Methods

Induction and assessment of hydrocephalus

All animals were treated in accordance with guidelines set forth by the Canadian Council on Animal Care and the institutional animal ethics committee approved protocols. Locally bred Sprague Dawley rats (n = 40) were used for the biochemical and histological experiments. Hydrocephalus was induced by percutaneous injection of a sterile suspension of kaolin (250 mg/ml in 0.9% saline) through a 28-gauge needle into the cisterna magna. Newborn pups were immobilized by cold anesthesia, injected with kaolin (0.02 ml), and allowed to survive 1 or 3 weeks, after which neurological impairments became too severe. Three-week rats and young adults (10 weeks) were anesthetized by intramuscular ketamine/xylazine (90/5 mg/kg), the neck was shaved and flexed, and under aseptic conditions kaolin was injected (0.04 ml). Three-week rats were allowed to survive 4 weeks or 9 months. Young adults were allowed to survive 2 weeks; they developed impairment related to raised intracranial pressure with only mild ventricular enlargement. Table 1 summarizes these groups. In all of the text, the age of the rats refers to the age at time of sacrifice. Control animals received a sham injection with needle insertion only. Animals were housed with their mothers or after weaning 2–3 per standard cage with normal 12-h day/night lighting and water and food ad libitum. Moistened food and water were provided on the floor of the cages for neurologically impaired animals.
Table 1

Hydrocephalic rat groups studied (along with age-matched controls)

Age at kaolin injection

Duration of hydrocephalus

Age at sacrifice

1 day

1 week

1 week

1 day

3 weeks

3 weeks

3 weeks

3–4 weeks

7 weeks

10 weeks

2 weeks

12 weeks

3 weeks

9 months

10 months

In the text we refer to the age at time of sacrifice

MR imaging was performed on all rats within 24 hours of sacrifice using a Bruker Biospec/3 MR scanner equipped with a 21-cm bore magnet operating at a field of 7T (Karlsruhe, Germany) to obtain T2-weighted images of the brain in the coronal plane. The area of the lateral ventricles and cerebrum were measured in the rostral cerebrum slice (0.5 mm thickness) immediately anterior to the third ventricle. Only rats with significant ventriculomegaly (ventricle to cerebrum area ratio >0.25, except for the rats injected at 10 weeks, which never develop severe ventricular enlargement, ventricle to cerebrum area ratio >0.10; control value <0.01) were used in this study along with sham-injected controls (n = 4–5 for each age group).

Tissue collection and processing

Rats were given a lethal dose of ketamine/xylazine followed by transcardiac perfusion with ice-cold 0.1 M phosphate buffered saline (PBS) after which brains were quickly removed. Cerebral hemispheres were separated in the midline. The right side was immersion fixed in 3% buffered paraformaldehyde and after several days in fixative the cerebral hemisphere was cut into four coronal slices and embedded in paraffin. The left side was dissected into frontal and parietal dorsal cerebrum samples (which include cerebral cortex and periventricular white matter dorsal to the lateral ventricle, but no striatum) that were frozen in liquid nitrogen and stored at -80°C. It should be noted that the fixed brain and tissue homogenates from the 1 week, 3 week, 7 week, and 10 month rats have also been used for other previously published experiments [2729]. Our approach to tissue handling has been consistent.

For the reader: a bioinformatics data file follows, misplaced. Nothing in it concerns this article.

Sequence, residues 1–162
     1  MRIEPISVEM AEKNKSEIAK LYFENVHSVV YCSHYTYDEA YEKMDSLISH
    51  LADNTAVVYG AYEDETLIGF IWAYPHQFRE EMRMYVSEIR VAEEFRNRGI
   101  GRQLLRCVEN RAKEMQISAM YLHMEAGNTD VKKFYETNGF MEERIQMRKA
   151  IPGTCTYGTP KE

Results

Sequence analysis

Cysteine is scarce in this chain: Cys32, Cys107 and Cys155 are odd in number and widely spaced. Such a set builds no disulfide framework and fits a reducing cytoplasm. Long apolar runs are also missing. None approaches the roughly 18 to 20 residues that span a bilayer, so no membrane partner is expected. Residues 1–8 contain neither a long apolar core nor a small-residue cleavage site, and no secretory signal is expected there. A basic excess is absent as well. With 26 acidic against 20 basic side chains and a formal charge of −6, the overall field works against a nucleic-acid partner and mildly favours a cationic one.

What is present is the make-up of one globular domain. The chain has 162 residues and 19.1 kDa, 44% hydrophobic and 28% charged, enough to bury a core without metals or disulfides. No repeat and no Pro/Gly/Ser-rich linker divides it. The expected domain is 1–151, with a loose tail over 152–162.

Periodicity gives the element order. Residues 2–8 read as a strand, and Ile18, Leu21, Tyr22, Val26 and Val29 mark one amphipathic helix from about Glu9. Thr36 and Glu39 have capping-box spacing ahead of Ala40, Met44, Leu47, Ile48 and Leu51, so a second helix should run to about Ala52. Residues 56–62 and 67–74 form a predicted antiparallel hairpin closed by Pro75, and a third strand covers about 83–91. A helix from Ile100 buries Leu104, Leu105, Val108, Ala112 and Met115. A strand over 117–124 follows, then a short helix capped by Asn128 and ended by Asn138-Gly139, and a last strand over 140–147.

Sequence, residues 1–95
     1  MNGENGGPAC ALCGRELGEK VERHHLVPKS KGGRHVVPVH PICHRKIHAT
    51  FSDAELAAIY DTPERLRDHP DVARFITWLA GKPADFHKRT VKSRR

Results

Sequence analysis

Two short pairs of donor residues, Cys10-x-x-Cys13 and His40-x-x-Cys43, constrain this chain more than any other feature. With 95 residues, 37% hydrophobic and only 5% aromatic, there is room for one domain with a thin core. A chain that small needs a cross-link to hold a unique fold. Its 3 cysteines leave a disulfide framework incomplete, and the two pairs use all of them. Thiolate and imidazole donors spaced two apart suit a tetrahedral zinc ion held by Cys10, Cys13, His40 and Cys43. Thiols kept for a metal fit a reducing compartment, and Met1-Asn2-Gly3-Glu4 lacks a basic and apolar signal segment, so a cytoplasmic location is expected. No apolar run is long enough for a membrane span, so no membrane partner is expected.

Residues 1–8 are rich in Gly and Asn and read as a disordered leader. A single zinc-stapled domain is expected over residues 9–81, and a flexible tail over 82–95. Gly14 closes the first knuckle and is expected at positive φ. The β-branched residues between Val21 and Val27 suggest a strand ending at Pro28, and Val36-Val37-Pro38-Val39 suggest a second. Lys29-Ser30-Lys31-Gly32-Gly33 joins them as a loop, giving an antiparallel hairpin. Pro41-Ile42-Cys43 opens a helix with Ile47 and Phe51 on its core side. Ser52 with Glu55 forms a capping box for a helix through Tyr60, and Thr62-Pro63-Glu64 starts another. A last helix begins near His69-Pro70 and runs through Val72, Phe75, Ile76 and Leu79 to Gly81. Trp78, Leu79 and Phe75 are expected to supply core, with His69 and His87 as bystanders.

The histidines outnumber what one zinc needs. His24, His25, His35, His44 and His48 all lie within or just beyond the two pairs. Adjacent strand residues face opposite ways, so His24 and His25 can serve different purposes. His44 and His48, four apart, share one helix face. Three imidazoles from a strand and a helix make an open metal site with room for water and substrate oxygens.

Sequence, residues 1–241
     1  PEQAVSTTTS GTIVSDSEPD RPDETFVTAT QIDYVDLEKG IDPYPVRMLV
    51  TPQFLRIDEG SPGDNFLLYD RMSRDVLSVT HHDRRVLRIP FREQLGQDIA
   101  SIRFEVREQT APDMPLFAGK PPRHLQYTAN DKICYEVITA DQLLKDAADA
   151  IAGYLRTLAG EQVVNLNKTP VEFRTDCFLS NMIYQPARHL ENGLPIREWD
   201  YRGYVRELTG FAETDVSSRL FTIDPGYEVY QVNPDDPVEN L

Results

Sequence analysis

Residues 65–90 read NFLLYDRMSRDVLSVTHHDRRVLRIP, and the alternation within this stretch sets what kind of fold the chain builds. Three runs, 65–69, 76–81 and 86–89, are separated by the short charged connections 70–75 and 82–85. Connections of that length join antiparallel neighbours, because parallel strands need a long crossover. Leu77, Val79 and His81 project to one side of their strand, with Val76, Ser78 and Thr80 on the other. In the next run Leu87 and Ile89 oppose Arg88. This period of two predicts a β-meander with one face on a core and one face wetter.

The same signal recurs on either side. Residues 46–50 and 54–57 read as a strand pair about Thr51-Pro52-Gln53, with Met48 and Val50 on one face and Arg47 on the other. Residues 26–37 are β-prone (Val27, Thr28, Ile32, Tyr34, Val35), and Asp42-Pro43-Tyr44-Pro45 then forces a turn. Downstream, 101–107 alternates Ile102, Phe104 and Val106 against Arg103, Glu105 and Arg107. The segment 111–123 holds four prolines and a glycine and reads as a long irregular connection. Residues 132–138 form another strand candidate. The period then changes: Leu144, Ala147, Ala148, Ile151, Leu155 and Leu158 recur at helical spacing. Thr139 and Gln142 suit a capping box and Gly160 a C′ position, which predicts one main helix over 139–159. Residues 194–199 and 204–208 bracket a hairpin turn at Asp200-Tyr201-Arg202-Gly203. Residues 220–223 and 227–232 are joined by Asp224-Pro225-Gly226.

Western blotting

Frozen frontal and parietal cerebrum samples were pooled together, weighed and homogenized in three times volume of ice-cold RIPA buffer containing 1% deoxycholic acid, (D5670, Sigma-Aldrich, Oakville ON, Canada), 0.1% sodium dodecylsulfate, (BP-166, Thermo Fisher Scientific, Waltham MA, USA), 1% Triton ×-100, (T9284 Sigma), in 0.1 M PBS pH 7.4 containing 0.1 mg/ml phenylmethylsulfonyl fluoride, (PMSF, P7626 Sigma) and 3% (v/v) aprotinin, (A3428 Sigma). The tubes were allowed to sit on ice for 30 min prior to centrifugation. The supernatant was removed after the first centrifugation at 15,000 ×G for 30 min at 4°C and centrifugation repeated. The second supernatant was aliquoted and stored at -80°C. Total protein assays were performed on each aliquot using the Pierce Micro BCA protein assay kit (Pierce Biotechnology, Rockford IL, USA). For each antibody, equal quantities of protein homogenate samples were run on 6% acrylamide/SDS gels except for dermatan sulfate, which were run on 8% gels. Samples for phosphacan were digested with chondroitinase ABC (C3667 Sigma) [30] prior to running on the gels, along with prestained molecular weight markers (161–0324 Bio-Rad Laboratories, Hercules CA, USA) or biotinylated protein ladder (7727S New England Biolabs, Ipswich MA, USA,). Laminin positive control was from mouse sarcoma (L2020 Sigma). Extracts from each age group were run on a separate minigel in order to compare hydrocephalics with age-matched controls. Gels were electrophoresed for 90 min, equilibrated in transfer buffer containing 20% methanol, and then transferred onto Hybond ECL nitrocellulose membranes (RPN2020D Amersham Biosciences, Pittsburgh PA, USA) at 180 mAmp for 3 h. Pierce Starting Block (37542 Fisher) was used to block all the membranes for 1 h at room temperature, except for laminin, which was blocked with 5% bovine serum albumin fraction V (BP1605 Fisher) in TRIS buffered saline with 0.5% Tween 20 (P1379 Sigma). Primary antibody dilutions were: 1:5000 for phosphacan (MAB5210 Chemicon, Temecula CA, USA) and neurocan (MAB5212 Cedarlane Laboratories Burlington ON, Canada), 1:2000 for decorin (263310 Calbiochem; San Diego CA, USA) and NG2 (AB5320 Chemicon), and 1:250 for laminin (RB-082-A1 Medicorp, Montreal QC, Canada). All antibodies were applied at 4°C overnight in their respective blocking solutions with gentle swirling. Secondary antibodies were biotin-conjugated sheep anti-mouse (515-065-003 Cedarlane) at 1:3000 dilution for phosphacan, neurocan and dermatan sulfate, while NG2 and laminin detection used biotin-conjugated goat anti-rabbit (111-065-144 Cedarlane) at 1:2000 and 1:5000 respectively for 2 h at room temperature. Streptavidin/horseradish peroxidase conjugate was applied at 1:5000 dilution for 1 h at room temperature and ECL Western blotting detection reagents (RPN2106 Amersham) were used to visualize the bands using Hyperfilm ECL (RPN3103K Amersham). Negative controls were run using non-species appropriate secondary antibodies, to reveal non-specific background bands. Band density was quantified with Imaging Research Incorporated MCID software (Cambridge UK). Values were normalized to the total loading bands and compared across control ages using nonparametric Kruskal-Wallis test, while control and hydrocephalic groups were compared using Mann-Whitney U test.